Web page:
• logistics analyst: as a logistics analyst, you gather and organise data from supply chain processes. You use the information to create strategies to optimise processes, lower expenses and enhance efficiency in production and distribution.
  • business systems analyst: you are responsible for evaluating and leveraging data to improve the functions of a company's information technology systems. You also create strategies to improve the systems.
  • marketing analyst: your job is to use data to help the sales and marketing team understand the market and their customers. You analyse the organisation's target market information and develop robust marketing strategies.

working as a data analyst

Data analysts focus on numbers and can use numerical data to explain technical ideas and concepts. Read on to identify some of the daily tasks and career opportunities for data analysts.


education and skills

The following educational qualifications are entry-level requirements for data analysts:

  • degree: a bachelor’s degree or postgraduate qualification in statistics, economics, or mathematics is a prerequisite to becoming a data analyst. Other related degree subjects include psychology and operational research or other fields with training in statistics.
  • postgraduate courses: you can become a trainee data analyst if you complete your undergraduate degree and gain a diploma in digital business services.
  • apprenticeship: completing an apprenticeship in data analysis makes you a junior data analyst. The programme combines on-the-job training with studies leading to a data analysis higher apprenticeship. Major tech companies, including Google, are offering this qualification.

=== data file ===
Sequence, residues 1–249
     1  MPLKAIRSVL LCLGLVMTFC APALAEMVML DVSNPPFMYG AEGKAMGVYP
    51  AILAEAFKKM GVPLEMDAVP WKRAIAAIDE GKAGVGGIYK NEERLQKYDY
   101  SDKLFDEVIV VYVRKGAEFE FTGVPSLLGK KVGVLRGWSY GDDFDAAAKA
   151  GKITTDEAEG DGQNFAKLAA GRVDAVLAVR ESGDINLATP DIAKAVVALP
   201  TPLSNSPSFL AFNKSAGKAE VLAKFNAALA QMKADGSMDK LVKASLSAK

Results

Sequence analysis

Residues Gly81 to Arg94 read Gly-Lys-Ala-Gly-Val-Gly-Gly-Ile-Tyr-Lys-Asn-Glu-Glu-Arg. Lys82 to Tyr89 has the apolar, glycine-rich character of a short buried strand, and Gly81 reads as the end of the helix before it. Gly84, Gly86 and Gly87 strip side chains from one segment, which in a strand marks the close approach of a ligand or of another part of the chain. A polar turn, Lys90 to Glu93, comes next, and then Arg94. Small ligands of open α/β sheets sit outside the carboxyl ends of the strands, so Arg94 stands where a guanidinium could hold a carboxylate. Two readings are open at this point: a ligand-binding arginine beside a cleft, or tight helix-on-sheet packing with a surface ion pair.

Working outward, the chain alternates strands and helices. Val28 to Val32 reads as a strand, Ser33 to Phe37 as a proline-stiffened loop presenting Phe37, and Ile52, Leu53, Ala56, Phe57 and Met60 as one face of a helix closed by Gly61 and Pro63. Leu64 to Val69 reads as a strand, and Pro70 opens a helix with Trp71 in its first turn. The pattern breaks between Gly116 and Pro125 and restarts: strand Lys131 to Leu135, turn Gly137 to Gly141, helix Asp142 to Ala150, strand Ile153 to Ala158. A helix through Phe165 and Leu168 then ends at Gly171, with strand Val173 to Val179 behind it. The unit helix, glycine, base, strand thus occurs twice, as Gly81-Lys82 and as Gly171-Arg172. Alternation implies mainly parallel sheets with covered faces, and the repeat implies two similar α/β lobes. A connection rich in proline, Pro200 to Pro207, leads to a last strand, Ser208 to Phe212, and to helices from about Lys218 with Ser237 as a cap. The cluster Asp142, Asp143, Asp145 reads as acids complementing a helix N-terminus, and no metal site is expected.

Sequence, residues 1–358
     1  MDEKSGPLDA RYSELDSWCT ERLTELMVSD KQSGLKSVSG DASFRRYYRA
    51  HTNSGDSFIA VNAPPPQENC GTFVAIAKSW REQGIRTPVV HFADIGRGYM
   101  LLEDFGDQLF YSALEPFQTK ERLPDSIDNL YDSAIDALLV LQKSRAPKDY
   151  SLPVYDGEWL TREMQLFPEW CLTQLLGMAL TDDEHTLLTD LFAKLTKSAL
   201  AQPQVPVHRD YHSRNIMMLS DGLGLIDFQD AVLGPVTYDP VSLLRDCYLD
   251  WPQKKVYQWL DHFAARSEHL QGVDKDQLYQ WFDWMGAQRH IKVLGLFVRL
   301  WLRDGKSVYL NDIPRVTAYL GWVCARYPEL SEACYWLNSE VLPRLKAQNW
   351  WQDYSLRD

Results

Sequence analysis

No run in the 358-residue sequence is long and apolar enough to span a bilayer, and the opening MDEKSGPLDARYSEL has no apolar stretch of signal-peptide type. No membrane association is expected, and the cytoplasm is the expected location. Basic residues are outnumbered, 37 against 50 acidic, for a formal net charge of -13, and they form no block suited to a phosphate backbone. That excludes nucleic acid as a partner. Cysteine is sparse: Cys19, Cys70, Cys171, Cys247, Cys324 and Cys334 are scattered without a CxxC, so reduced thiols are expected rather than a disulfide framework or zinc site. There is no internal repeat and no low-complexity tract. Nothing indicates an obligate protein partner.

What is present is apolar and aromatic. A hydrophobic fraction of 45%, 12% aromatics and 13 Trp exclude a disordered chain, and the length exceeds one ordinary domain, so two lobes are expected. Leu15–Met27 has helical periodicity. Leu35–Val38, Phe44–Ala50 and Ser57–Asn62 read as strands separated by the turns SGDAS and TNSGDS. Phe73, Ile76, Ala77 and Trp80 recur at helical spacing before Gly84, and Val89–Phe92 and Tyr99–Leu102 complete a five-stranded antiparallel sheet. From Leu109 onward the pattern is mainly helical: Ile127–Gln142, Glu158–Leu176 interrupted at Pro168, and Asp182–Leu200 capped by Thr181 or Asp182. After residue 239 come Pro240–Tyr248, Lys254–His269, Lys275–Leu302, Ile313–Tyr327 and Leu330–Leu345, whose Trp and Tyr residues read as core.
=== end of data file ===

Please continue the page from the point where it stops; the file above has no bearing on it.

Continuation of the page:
skills and competencies

The following transferable skills will help you excel as a data analyst:

  • programming languages: as a data analyst, you handle massive amounts of data and perform complex equations. Learning a statistical programming language increases your competitiveness. Python and R are popular statistical languages, but you can find others that suit your role. Database management programming skills enable you to organise and store data in databases.
  • proficiency in using data visualisation tools: as a data analyst, it is vital to present your findings convincingly. Using charts and graphs helps your employers understand your interpretation. Learning to use data visualisation tools like Excel, Notebook, and Tableau enhances your presentation skills.
  • maths and statistics knowledge: a data analyst uses their understanding of statistical techniques and mathematical concepts to interpret data. Having a solid grasp of maths and statistics helps you decide on the best tools to use and improves your understanding of the results.
  • problem-solving skills: your ability to interpret problems helps you to understand the issue that needs resolving or the questions that your data aims to answer. Problem-solving skills assist you with finding patterns and trends in data sets or identifying gaps and mistakes in your interpretation methods.

FAQs about working as a data analyst

FAQs about working as a data analyst:

thank you for subscribing to your personalised job alerts.